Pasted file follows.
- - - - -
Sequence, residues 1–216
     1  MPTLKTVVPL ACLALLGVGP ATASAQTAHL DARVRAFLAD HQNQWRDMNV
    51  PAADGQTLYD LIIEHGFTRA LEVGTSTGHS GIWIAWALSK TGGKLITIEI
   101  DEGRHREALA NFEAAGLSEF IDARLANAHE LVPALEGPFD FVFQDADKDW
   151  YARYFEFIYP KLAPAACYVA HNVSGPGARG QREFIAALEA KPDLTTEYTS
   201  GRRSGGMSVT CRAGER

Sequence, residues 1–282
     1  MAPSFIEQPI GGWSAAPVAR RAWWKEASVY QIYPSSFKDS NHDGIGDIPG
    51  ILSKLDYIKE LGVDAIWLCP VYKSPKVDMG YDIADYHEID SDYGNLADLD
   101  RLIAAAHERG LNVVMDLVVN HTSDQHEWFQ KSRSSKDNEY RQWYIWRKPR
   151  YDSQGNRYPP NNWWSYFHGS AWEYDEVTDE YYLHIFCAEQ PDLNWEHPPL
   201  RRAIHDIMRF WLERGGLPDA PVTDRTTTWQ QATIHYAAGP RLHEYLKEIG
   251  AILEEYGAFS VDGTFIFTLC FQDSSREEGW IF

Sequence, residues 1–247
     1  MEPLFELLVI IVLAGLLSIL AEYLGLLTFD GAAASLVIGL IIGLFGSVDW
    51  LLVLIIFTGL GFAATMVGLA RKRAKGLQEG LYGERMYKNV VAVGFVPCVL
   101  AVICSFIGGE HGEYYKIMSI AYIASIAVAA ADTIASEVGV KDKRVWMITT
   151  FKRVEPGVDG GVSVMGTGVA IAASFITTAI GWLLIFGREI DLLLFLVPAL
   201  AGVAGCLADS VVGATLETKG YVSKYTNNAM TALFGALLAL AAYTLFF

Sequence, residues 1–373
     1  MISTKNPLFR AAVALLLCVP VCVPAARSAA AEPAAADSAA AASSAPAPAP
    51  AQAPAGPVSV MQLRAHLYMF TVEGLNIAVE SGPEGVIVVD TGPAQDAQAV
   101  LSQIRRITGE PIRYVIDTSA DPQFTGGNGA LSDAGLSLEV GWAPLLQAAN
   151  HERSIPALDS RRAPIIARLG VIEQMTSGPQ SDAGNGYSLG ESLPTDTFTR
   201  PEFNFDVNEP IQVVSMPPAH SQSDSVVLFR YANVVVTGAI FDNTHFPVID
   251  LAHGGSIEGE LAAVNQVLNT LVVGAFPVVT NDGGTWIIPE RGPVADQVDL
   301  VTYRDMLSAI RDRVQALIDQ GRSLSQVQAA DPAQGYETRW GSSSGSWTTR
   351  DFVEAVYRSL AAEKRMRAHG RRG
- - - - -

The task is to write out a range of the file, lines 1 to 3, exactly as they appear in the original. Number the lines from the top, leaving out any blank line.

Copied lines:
Sequence, residues 1–216
     1  MPTLKTVVPL ACLALLGVGP ATASAQTAHL DARVRAFLAD HQNQWRDMNV
    51  PAADGQTLYD LIIEHGFTRA LEVGTSTGHS GIWIAWALSK TGGKLITIEI